Much of the electronics in modern cars is just replacing a control that was previously mechanical. For example, look at the ignition circuit in an old car. That had a vacuum advance/retard and points for the timing. These would go out of whack badly due to mechanical damage over time and spark erosion. Hence cars used to have relatively short service intervals. They were relatively easy for a competent DIY person to fix and replace. Now the electronic equivalent don't wear out. They last forever.... or until they suddenly break. They don't need any tweaking, hence longer service intervals.

The real problem with electronics & software is that it almost always dies suddenly. There is no graceful aging.

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'Wind power causes climate change' shown to be so much hot air

Charles Manning
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Death by a thousand cuts

The findings might be correct, propellers on large ships churning water probably have a greater impact than wind turbines.

But this raises an interesting issue.

There have been so many little localised environmental changes that they probably stack up to something significant.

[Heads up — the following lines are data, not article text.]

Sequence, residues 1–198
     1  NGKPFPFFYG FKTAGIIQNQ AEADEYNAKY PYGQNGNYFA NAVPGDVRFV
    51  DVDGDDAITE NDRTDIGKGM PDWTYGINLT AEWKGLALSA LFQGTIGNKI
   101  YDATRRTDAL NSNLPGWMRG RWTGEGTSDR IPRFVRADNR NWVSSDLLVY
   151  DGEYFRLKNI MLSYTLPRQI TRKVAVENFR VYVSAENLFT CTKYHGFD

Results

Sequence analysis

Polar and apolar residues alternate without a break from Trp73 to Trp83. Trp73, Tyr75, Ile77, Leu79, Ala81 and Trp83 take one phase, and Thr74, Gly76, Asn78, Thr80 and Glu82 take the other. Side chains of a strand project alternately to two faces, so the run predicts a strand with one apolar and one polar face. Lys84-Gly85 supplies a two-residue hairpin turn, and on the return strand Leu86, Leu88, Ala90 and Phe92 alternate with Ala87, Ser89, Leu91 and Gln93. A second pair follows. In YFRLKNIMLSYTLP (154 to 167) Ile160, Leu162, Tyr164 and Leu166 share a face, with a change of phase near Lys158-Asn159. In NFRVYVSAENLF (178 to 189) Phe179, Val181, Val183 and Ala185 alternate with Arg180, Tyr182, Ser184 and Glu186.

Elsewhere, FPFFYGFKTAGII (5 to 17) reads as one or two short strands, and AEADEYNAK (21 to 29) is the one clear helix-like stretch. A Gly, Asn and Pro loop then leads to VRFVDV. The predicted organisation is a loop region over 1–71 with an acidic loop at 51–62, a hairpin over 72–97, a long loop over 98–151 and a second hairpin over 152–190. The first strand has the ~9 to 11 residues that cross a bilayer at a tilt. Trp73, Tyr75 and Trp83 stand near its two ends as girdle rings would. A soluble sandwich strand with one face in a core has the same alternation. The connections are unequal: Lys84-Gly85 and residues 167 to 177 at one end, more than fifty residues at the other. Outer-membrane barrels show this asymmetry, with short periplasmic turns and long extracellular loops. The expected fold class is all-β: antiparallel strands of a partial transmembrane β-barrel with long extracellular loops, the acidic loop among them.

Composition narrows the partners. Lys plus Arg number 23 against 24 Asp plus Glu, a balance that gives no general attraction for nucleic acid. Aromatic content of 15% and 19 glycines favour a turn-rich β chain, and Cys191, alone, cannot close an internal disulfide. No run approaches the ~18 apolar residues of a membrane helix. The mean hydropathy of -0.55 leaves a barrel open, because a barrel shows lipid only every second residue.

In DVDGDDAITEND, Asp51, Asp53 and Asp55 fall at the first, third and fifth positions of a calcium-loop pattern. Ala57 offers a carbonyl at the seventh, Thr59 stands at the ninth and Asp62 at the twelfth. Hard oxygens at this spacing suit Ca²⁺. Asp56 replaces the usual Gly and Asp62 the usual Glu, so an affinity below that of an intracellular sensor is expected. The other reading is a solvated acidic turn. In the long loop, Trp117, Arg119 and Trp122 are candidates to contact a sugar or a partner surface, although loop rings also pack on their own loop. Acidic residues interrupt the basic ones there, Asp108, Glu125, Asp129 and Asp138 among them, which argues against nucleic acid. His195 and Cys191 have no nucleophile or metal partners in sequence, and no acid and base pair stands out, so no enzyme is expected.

Here in NZ we've recently had a dairy boom. Shelter belts have been removed, leading to greater wind speeds across plains. Irrigation is growing immensely leading to higher humidity. Grass is grazed harder leading to shorter grass. The use of fertilisers changes ground cover. All those mean the local micro climate (tens of thousands of square km) that has changed substantially over the last decade or two. The same has happened to agricultural land globally over the last few decades.

Cities all over the world have grown (heat + humidity islands), so has the use of airconditioning (which belt out heat) and we now have lots more black and concrete roads and concrete and glass buildings.

Historic measurements are meaningless. Much of the historic data is close to cities, particularly airport data (temperatures have always been needed to determine take-off weight). Take a look at a fairly typical airport like SFO. That was created in the 1920s or 30s from a cow pasture and had a grass runway for ages, then a tarred runway surrounded by grass. Now it is a few square km of concrete, glass and airconditioning. There is no way you can honestly compare historic data with anything measured today.